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Rating History

The Finest Hours
8 months ago via Rotten Tomatoes

"In the coast guard they say you go out, they don't say you gotta come back."

Director Craig Gillespie and Disney team up once again following their 2014 film, Million Dollar Arm. This time the true story is based on the 1952 Coast Guard rescue attempt at Cape Cod. The film counts with a stellar cast starting from the always charismatic Chris Pine, and including some strong supporting performances from the likes of Casey Affleck, Ben Foster, Eric Bana, Holliday Grainger, and John Magaro. The Finest Hours captures the fifties with delicacy while also remaining old school. The film is by the books and told in a way that most movies based on true events are, so it doesn't stand out. The effects are believable but they never accomplish much visually. There are some thrilling moments and the film slowly builds the tension during the final act, but it does take a bit too long setting the premise and trying to establish a love story that doesn't seem to be all that interesting or relevant.

The Finest Hour begins by introducing us to the hero of the story who is about to go on his first date with the woman who will eventually become his fiancée. Chris Pine is Bernie Webber, a shy man who follows orders and likes to do things by the books, while Holliday Grainger is Miriam, a woman who is set on going after what she want. The love story lacks emotion and therefor it is the weakest link in the film. It is the reason why the first half of the film didn't work for me and why I wished the film focused more on the events taking place in the split oil tanker during the storm. Pine is playing against type here since his character is rather timid and that takes away a lot of his charm. I will give him credit for trying to play a different character, but I don't think he was the right choice for the part. Casey Affleck is the true standout, playing one of the crew members in the oil tanker fighting for their survival. He reminds us what a great actor he is and I wish the film focused more on his character. The rescue mission is exciting and thrilling, but the film takes too long to set itself up.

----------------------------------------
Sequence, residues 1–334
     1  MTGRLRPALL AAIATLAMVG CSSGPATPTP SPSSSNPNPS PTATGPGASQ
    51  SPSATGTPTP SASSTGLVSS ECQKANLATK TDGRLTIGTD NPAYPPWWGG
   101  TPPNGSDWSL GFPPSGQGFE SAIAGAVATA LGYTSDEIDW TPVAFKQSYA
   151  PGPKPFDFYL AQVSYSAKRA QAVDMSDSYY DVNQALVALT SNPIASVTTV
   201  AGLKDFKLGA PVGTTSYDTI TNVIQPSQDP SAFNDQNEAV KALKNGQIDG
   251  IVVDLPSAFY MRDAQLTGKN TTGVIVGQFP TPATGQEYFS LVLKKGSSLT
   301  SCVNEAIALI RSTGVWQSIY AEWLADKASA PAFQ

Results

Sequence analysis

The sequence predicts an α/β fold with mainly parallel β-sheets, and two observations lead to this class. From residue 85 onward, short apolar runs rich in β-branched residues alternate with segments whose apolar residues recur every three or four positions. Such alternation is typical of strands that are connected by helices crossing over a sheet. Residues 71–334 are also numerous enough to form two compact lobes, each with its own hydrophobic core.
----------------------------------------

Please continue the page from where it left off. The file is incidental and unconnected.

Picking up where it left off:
Perhaps The Finest Hours is one of the better films being released in January since this is considered the dumping ground for most movies, but it still isn't good enough to get a fresh grade from me. The film has its moments and Casey Affleck should be getting bigger roles, but other than that the movie does fall flat and lacks the emotional depth other rescue films have. I'm usually a fan of Chris Pine, but I didn't enjoy his performance here and this is one of the few films from him that I haven't liked. If you are nostalgic for old-fashioned adventure films than this might be the right film for you, otherwise skip it.

The Revenant
The Revenant (2015)
8 months ago via Rotten Tomatoes

"As long as you can still grab a breath, you fight. You breathe... keep breathing."